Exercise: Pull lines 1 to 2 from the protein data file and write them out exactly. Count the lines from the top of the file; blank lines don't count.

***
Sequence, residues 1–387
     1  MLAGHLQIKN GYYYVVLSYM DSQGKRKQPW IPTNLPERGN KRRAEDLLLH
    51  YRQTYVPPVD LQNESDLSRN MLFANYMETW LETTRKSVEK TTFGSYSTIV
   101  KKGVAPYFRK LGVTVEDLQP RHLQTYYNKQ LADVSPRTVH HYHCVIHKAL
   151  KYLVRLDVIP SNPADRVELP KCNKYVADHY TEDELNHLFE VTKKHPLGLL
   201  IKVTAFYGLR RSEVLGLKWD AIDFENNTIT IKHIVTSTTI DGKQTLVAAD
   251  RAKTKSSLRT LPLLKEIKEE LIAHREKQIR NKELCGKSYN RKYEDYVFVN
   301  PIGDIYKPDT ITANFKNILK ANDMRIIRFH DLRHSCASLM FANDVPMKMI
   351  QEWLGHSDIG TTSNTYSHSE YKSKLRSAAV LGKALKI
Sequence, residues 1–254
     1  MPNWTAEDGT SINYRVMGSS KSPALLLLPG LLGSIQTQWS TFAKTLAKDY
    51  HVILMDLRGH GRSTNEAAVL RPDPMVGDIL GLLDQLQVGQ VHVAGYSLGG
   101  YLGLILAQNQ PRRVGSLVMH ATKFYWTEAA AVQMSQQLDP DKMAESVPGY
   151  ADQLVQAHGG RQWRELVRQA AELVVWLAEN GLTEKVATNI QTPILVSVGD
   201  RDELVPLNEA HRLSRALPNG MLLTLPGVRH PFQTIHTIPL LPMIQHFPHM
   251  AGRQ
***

Sequence, residues 1–387
     1  MLAGHLQIKN GYYYVVLSYM DSQGKRKQPW IPTNLPERGN KRRAEDLLLH